Jaime teaching Bruna to play the guitar.


In most ways, Jaime and Bruna are an average couple. They share a love of literature, writing and music. They enjoy spending time at the beach with their dog and 5-year-old son, Francisco. Bruna affectionately refers to Jaime as “Jota”—a nickname based on the letter J in Portuguese. They have a solid network of friends and family in their small, coastal Brazilian town.

But this husband and wife team also have something more unique in common—they both have multiple sclerosis.

Bruna and Jaime love spending time at the beach in their small Brazilian town.

Multiple sclerosis (MS) is a chronic disorder affecting more than 2.8 million people worldwide. With MS, the immune system attacks the central nervous system, primarily targeting myelin—a fatty substance that insulates nerves—which affects the way nerves conduct electrical impulses to and from the brain. Symptoms of MS can include blurred vision, weak limbs, tingling sensations, unsteadiness, memory problems and fatigue. It impacts more women than men and no one knows the exact cause.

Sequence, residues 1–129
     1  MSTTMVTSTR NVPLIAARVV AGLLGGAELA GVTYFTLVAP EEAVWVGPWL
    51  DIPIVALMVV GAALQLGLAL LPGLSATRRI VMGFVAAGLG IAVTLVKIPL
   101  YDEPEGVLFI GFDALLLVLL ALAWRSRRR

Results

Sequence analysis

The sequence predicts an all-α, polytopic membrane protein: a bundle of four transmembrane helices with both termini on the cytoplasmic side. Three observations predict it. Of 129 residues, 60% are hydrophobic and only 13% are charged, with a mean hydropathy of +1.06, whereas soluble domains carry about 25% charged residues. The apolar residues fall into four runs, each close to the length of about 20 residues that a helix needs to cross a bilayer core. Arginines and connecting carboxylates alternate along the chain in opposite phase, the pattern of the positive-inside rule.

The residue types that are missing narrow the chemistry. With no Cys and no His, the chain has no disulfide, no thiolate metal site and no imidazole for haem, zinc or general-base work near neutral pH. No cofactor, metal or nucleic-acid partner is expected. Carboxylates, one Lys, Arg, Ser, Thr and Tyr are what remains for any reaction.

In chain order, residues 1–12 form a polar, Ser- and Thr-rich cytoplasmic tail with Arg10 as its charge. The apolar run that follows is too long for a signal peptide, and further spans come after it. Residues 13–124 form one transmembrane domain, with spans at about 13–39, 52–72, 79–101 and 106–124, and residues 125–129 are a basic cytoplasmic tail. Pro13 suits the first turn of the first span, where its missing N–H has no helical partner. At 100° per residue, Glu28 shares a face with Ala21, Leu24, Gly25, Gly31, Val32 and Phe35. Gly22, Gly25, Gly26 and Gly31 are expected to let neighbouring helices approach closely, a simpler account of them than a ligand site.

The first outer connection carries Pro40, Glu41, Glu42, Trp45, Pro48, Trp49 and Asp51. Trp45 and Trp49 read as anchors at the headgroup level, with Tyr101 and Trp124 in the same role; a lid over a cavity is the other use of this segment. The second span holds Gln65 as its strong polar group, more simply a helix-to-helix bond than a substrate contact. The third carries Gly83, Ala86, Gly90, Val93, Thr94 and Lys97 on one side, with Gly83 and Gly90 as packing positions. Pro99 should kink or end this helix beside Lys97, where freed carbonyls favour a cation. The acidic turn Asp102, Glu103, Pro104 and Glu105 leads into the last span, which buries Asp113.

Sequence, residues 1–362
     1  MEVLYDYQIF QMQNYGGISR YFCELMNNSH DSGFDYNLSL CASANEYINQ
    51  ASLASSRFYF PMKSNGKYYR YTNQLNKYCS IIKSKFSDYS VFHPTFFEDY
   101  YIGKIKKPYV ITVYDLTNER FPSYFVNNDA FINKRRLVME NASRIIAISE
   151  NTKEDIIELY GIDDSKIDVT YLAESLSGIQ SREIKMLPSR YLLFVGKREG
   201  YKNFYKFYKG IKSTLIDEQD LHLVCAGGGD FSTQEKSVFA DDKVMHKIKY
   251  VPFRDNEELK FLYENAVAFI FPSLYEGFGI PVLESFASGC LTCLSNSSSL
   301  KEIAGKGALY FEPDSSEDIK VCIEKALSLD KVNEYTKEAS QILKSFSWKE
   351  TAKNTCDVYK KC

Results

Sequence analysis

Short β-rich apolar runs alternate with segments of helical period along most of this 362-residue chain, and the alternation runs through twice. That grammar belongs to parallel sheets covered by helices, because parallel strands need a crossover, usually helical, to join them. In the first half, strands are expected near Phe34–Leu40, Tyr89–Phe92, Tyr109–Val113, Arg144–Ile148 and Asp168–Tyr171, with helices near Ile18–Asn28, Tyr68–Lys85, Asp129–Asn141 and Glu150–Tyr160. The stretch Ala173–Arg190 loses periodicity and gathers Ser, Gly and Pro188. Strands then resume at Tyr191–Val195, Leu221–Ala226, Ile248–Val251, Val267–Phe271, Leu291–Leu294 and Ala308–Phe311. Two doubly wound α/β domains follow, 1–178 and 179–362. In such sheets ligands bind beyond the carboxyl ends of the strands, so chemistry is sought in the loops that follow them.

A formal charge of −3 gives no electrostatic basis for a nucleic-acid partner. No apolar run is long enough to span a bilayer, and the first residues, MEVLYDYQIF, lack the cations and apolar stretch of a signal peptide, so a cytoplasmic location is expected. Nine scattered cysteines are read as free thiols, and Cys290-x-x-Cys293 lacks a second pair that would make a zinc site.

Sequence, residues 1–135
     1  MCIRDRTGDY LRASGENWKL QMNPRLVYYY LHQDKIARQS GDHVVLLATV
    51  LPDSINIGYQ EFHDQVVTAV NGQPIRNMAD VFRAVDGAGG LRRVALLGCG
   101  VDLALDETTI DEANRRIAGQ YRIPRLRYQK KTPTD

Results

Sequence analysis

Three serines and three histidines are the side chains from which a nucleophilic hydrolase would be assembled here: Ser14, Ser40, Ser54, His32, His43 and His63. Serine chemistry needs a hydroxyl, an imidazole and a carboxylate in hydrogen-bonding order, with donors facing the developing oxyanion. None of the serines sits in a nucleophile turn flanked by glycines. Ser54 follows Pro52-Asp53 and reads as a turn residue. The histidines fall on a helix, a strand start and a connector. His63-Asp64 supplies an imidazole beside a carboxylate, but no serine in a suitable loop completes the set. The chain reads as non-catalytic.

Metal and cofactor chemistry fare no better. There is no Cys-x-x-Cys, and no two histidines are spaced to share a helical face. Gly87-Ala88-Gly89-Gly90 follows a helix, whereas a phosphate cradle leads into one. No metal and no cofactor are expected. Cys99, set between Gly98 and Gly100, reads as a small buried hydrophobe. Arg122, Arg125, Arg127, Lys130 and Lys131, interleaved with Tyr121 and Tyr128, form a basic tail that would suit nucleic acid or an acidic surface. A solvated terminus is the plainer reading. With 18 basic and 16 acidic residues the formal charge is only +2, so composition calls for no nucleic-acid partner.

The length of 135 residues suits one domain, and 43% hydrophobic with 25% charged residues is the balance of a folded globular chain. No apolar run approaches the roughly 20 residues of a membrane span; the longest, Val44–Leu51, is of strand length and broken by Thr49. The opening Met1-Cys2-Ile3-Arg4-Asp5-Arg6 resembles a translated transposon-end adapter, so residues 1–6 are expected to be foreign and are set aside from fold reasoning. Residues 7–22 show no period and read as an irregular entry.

Bruna was diagnosed with MS when she was only 14 years old after seeking medical attention for tingling in her arms.

“It was a little scary because my doctor didn’t say the name of the disease,” she says. “He wrote it on a piece of paper and passed it to my mom. It was very difficult, because I thought it must not be a good thing if he couldn’t speak it out loud.”

She looked up multiple sclerosis on the internet when she got home from that doctor’s appointment and came across a website with inaccurate information stating that people diagnosed with MS only have about 10 years to live.

“It was shocking,” she says. And it was wrong. Bruna is now 35 and living well with MS.

Jaime found out he had MS in 2012 at age 28, but instead of a shock, he says his diagnosis came as a relief. He’d been having trouble walking and running and experiencing weakness for a few years, so he was glad to finally have an explanation for what was happening with his body.

For both Bruna and Jaime, their diagnosis was their first contact with MS. “That was one of the reasons I started my blog,” says Bruna, “because I didn’t want anyone else to go through this situation.”